On the ropes

Hero declares, "I'm gonna be the champ the way I want to be," then is.

ALI

directed by Michael Mann with Will Smith, Mario Van Peebles, Jon Voight, and Jamie Foxx opens Dec. 25 at Guild 45, Meridian, and others

SPORTS WRITERS often call Muhammad Ali the most influential athlete of the century, and his rise, fall, and resurgence were amply captured on camera. So fit, funny, handsome, and accomplished when documented in his prime (see "Greater", this page), the man had charisma and star power to burn. (He even played himself in a now-forgotten '77 biopic titled—what else?—The Greatest.) In a life so thoroughly chronicled and quotable, do we really need to see all the details recapitulated again?

Initially, wonderfully, Michael Mann says no. Famously the creator of Miami Vice, he uses two long music-infused montages to structure his picture. During the remarkable first 10-minute sequence, intercut with a Sam Cooke nightclub medley, we learn everything we need to know about our young hero: boyhood during segregation; divided family; rebellion against the church. During that time, 22-year-old Ali (Will Smith) doesn't utter a word. Then, at the weigh-in before his 1964 Liston title match, all that silence explodes into speech. And how. God damn!--how sweet it is, and how poignant given the actual man's Parkinson's disease, to hear those immortal boasts and rhymes again.

This impressionistic approach works perfectly at first. We get the poetic, hyperbolic essence of the champ. Boxing fans will recognize Ali's corner men and confidantes; the rest of us can simply appreciate the exhilarating filmmaking. The talented director of The Insider confidently steps out on the right foot. Then, unaccountably, he stumbles back into a plodding, by-the-numbers biopic, a sweeping yet unremarkable consensus picture that spans a tumultuous decade leading up the 1974 "Rumble in the Jungle" against George Foreman.

Those 10 years are exciting to a point. Pow! Ali takes the title from Sonny Liston. Wham! He refuses induction into the Army and has his belt stripped from him. Boom! He wins it back from Foreman in Zaire. (That's the plot, folks; don't look to history for suspense.) As a result, Mann faces the almost impossible task of dramatizing an already dramatic, well-known story.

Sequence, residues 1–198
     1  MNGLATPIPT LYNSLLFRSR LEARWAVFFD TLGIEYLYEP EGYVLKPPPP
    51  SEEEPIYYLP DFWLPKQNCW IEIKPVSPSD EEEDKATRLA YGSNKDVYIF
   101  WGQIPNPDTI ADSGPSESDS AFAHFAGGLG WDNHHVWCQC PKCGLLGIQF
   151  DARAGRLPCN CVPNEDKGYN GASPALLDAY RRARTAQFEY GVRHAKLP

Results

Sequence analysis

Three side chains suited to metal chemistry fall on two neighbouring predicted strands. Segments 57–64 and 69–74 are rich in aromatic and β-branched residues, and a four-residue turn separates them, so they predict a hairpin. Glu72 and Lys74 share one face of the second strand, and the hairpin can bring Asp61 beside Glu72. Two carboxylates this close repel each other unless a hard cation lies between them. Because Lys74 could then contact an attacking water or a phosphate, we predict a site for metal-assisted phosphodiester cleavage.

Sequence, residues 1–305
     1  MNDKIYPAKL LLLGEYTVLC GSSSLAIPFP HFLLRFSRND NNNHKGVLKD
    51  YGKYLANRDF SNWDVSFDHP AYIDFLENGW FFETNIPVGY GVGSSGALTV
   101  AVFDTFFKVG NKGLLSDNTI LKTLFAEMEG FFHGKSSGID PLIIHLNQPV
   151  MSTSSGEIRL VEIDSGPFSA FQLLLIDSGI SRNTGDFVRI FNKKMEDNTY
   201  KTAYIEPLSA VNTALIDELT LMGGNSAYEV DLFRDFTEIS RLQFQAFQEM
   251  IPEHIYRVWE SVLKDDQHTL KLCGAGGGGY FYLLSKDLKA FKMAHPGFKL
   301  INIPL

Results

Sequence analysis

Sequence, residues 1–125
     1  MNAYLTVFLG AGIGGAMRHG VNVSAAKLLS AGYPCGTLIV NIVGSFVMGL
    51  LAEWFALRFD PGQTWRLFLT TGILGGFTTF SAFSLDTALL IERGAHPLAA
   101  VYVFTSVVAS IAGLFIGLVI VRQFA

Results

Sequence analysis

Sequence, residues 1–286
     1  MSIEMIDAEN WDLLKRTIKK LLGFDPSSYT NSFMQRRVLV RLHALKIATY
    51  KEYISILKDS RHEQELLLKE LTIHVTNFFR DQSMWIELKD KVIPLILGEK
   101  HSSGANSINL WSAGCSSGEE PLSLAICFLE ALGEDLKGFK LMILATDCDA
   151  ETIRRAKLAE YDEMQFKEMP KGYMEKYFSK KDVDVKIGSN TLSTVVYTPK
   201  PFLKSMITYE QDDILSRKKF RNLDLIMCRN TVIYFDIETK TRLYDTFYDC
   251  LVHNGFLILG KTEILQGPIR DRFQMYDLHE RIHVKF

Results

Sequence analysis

Despite the hype, Ali was a bad idea. Too many screenwriters, too much audience familiarity, too little focus—the film becomes a survey, didactic yet uninsightful. Even as the rounds add up, we already know the score. Given all the money and skill behind the endeavor, a TV miniseries documentary would've been a better treatment of such an eventful life. Ten years isn't enough, and yet somehow it's too much. (Recall that Ali won an Olympic gold medal in 1960 and didn't retire from the sport until '81.)

AS FOR SMITH, lacing up those famous boxing shoes, you've got to admire his guts for taking on the role. A respectable actor when he tackles the occasional quality project (e.g. Six Degrees of Separation), he's hardly the ideal or convincing Ali—but who could be? Smith gets the job done, but don't look for any Oscars.

Among Ali's colorful cronies are Jon Voight's amusing Howard Cosell, Mario Van Peebles' tragic Malcolm X, Jamie Foxx's funny Drew "Bundini" Brown, and Mykelti Williamson's buffoonish Don King. Oddly, Mann has a better grasp on these personalities than on his protagonist, yet it's never particularly clear why they matter to Ali. He sheds tears after Malcolm X's assassination, but you never buy into their prior friendship. Likewise, Ali's pursuit of his first three wives is dutifully illustrated with the appearance of passion but little actual heat.

Mann is stuck following a real-life script, which he does his best to embellish with terrific art direction, costumes, and period details. His second big montage sequence pulses to world beat music during Ali's prefight training run through impoverished Kinshasa. There the film reaches for an unearned crescendo, a return to the first 10 minutes' promise, but it's too late for that. In a bogus epiphany scene, the wizened heavyweight pauses to see himself painted into heroic shantytown murals; his life is transmogrified into art and myth. (Yet his exalted status was hardly news, now or then, to Ali or us.) By beating Foreman, he's supposed to suddenly realize, he becomes more than world champ—he becomes champion of the Third World. Talk about pressure. To his credit, whatever his actual feelings, Ali handled it well. Ali the movie buckles under the weight.

bmiller@seattleweekly.com

 
comments powered by Disqus